Shanghai Disney Resort opens tomorrow and its a big deal in a lot of ways. A massive undertaking that was years (and years) in the making, Shanghais Disney represents partnerships, sacrifices, compromises and a whole lot of money. The result, though, is pretty stunning.
Shanghai Disney Resort is huge, with hotels, restaurants, shops and attractions that marry Disney’s brand with Chinese cultural and architectural influences. Many of the attractions and amenities are new, and though a few bear some resemblance to rides in the American Disney parks, most are rides, experiences and shows that we haven’t seen before.
Unchanged, though, are the staples of any Disney park: there are still plenty of characters, still plenty of food, plenty of thrills, and plenty of Disney-themed merchandise to buy. Though there are familiar elements, Shanghai Disney Resort is unique to China in many ways.
Here’s the quick guide on the world’s newest Disney Resort.
A big part of the all-in Disney experience is staying in one of the resort hotels, which are notoriously themed and experiential. The hotels at Shanghai Disney Resort are the Shanghai Disneyland Hotel and the Toy Story Hotel.
The Shanghai Disneyland Hotel overlooks a large lake that separates it from the park itself and features Art Nouveau decor.” The more luxe of the two hotels, it offers wedding and dining experiences. The Toy Story Hotel, by way of contrast, is the more family-oriented of the hotels. Naturally, it features decor and experiences largely centered around the film that gave it its name.
Attractions & Entertainment
There are a bevy of new attractions in Shanghai Disneyland itself. In true Disney fashion, the park is made up off several different areas: Adventure Isle, Fantasyland, Gardens of Imagination, Tomorrowland and Treasure Cove. Some of these names are familiar, coming from Disneyland or Walt Disney World’s Magic Kingdom. Some of the rides are familiar, too — classics like Peter Pan’s Flight and Dumbo the Flying Elephant are present, and many attractions are centered around beloved IPs.
But among the new attractions is the TRON Lightcycle Power Run, a thrill ride that features the iconic vehicles from the film, as well as the requisite blue glow and high speeds, up to 60 mph.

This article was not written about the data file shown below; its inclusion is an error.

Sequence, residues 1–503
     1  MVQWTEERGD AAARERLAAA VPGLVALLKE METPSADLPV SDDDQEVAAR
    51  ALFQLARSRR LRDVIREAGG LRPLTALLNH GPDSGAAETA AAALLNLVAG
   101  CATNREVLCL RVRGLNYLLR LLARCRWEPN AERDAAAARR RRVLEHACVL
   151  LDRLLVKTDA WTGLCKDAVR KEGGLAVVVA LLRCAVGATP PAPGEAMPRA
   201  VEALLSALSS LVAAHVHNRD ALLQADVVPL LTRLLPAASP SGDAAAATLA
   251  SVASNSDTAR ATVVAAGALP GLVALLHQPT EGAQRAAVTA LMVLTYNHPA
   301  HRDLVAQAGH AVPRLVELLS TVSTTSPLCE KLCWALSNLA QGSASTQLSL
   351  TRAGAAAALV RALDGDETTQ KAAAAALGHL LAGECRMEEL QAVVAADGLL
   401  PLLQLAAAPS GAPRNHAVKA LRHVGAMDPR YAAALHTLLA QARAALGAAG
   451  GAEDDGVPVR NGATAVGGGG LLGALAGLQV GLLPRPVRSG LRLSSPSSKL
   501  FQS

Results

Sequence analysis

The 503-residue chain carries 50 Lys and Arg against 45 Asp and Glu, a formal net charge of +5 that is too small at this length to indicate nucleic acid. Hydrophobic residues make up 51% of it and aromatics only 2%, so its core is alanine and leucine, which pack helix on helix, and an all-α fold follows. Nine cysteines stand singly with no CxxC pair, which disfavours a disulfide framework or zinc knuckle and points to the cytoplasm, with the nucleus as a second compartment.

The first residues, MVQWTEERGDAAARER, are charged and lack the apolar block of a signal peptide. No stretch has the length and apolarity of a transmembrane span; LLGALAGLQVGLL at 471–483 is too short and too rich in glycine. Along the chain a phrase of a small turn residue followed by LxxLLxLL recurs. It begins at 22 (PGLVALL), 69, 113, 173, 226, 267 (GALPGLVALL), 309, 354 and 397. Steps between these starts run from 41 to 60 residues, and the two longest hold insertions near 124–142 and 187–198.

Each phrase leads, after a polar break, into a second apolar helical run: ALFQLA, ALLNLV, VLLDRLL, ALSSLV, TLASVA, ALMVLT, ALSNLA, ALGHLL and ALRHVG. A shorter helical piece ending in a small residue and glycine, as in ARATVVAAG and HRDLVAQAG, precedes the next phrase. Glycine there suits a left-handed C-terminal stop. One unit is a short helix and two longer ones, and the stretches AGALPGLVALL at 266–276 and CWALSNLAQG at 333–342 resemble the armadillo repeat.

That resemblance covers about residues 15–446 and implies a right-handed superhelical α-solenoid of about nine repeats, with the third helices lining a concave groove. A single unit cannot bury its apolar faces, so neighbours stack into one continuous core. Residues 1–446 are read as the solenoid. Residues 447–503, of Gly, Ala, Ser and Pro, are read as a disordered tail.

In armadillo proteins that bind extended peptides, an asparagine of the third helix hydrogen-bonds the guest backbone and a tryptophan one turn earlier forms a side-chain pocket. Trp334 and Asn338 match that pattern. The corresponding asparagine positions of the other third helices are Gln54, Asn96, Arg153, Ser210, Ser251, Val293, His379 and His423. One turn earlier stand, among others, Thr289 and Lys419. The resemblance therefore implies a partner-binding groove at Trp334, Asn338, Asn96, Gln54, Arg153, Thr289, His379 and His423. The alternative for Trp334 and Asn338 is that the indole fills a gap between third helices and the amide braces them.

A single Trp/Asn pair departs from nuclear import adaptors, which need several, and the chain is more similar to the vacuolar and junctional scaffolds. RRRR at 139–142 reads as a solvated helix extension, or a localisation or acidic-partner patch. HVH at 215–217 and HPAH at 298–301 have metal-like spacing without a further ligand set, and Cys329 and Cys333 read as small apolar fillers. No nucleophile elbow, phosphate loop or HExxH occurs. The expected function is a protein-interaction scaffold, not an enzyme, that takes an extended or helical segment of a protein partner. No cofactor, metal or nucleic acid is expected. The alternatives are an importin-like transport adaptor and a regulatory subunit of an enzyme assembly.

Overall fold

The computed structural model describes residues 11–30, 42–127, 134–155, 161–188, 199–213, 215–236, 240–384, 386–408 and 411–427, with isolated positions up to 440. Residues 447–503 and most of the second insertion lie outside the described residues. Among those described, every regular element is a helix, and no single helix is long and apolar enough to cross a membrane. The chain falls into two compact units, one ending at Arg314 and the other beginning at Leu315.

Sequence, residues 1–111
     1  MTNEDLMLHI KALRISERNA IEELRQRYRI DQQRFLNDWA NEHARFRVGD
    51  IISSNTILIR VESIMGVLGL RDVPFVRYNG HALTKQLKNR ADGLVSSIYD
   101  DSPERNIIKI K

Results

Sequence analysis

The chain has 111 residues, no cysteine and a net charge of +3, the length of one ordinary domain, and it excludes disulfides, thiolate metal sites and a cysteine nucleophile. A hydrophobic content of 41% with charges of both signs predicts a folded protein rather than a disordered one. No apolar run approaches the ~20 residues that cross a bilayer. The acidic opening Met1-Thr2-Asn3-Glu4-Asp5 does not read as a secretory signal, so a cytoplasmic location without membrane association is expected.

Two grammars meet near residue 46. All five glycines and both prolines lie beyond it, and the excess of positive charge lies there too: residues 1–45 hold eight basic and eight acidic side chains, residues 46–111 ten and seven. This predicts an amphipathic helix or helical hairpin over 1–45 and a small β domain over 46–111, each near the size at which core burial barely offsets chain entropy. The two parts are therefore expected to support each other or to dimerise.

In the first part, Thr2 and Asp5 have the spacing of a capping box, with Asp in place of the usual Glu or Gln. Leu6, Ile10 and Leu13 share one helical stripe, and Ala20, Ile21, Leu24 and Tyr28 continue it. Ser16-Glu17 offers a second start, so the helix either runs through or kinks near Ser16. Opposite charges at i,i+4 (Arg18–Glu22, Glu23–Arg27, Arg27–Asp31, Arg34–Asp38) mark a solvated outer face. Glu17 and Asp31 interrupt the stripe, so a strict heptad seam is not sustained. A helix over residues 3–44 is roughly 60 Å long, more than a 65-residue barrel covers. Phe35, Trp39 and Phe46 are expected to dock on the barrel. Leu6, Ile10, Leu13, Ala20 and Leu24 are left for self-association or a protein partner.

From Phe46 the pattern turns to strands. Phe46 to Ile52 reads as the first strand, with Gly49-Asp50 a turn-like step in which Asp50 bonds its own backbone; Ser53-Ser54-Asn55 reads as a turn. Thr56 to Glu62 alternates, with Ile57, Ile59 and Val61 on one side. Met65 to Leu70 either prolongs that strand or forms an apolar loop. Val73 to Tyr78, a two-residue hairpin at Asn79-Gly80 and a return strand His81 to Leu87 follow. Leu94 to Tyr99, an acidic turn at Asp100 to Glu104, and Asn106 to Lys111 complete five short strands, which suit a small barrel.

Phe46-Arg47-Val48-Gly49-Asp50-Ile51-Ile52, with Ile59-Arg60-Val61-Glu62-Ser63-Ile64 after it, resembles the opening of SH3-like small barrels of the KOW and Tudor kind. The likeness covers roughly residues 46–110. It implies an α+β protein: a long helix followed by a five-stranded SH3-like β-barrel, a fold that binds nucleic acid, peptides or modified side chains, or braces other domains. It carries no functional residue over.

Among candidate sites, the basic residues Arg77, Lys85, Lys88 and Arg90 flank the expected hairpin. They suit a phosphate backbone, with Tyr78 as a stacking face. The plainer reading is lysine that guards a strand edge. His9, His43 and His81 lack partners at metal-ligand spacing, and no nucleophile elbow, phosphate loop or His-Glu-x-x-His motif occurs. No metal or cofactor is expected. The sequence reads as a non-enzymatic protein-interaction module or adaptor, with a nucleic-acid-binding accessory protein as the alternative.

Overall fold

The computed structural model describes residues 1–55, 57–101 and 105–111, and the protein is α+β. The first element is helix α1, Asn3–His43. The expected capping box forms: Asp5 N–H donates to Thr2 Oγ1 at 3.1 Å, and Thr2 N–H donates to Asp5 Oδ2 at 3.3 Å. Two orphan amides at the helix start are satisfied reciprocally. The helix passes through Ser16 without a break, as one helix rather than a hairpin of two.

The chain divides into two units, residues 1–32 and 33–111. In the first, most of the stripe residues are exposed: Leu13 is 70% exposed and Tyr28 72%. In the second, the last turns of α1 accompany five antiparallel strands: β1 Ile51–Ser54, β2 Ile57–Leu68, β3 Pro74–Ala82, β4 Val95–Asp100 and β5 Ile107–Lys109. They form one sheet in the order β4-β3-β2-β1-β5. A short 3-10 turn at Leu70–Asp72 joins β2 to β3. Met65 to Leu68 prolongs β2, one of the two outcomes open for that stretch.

Theres also a new attraction called Soaring Over the Horizon, which expands upon the wildly successful Soaring Over California rides featured in the American parks. Rather than taking riders on a tour of California, though, Soaring Over the Horizon features glimpses of noteworthy sites all over the world.
Other new rides include Roaring Rapids and Explorer Canoes (both water rides) and Snow White-themed coaster Seven Dwarfs Mine Train. There are also interactive areas like the outdoor Camp Discovery — which features trails, natural elements and a rope course — and the indoor Marvel Universe, which is home to favorite Marvel characters and artifacts.
Fantasyland, as it always has been, is full of kid and family-friendly elements, from spinning Honey Pots (a variation on the teacups) to Voyage to the Crystal Grotto — a slow-moving ride through a cavern filled with scenes and elements from favorite Disney films.
Beyond the rides, Shanghai Disneyland features the shows, parades, and character experiences for which Disney is famous. In fact, the park will feature the longest parade yet, dubbed Mickey’s Storybook Express. And, of course, there’s the castle — the enormous Enchanted Storybook Castle, which stands at the center of the park. It’s the biggest Disney castle yet.
Everything about Shanghai Disneyland is huge.
Its not a theme park without the food. There are dozens of new places to get your grub on, from snacks and quick-service restaurants to full-scale dining experiences.
Featuring Asian as well as American and western cuisine, there’s a lot of variety in the new eateries inside the park and in Disneytown — the shopping and dining district. There are some new creations — including Wandering Moon Teahouse and magnificently named Stargrazer Grill — as well as familiar names like The Cheesecake Factory and Starbucks. Overall, the restaurants will feature 70% Chinese fare and 30% western food.
Not unlike Downtown Disney, Disneytown is home to a number of stores and restaurants, as well as the Walt Disney Grand Theatre, where visitors will be able to catch The Lion King in Mandarin. From Build-A-Bear to LEGO, the shopping is pretty universal and largely what you might expect to see in any collection of stores outside of the Disney parks. And, of course, there are plenty of shops filled with products designed around favorite characters and films.
On the surface, the park looks and feels and seems very fundamentally Disney. It’s familiar and all of the typical elements you’d expect from a Disney park are present, from the castle to the characters. But as CNN’s Matt Rivers points out in the video above, Shanghai Disney was built for a different audience — one that’s familiar with different characters and has different experiences with the IPs that are all over the park.
Shanghai Disney Resort is huge, it was incredibly expensive ($5.5 billion) and in some ways, it looks exactly like what you’d expect from a Disney park. But make no mistake: Shanghai Disney Resort is a brand new park and a very new endeavor for Disney.
In order to make the park happen, Disney had to make a number of compromises, including ceding some of the park’s control to the government. This is unprecedented for Disney, and the degree to which that shared control will affect the success and direction of the park is still largely unknown.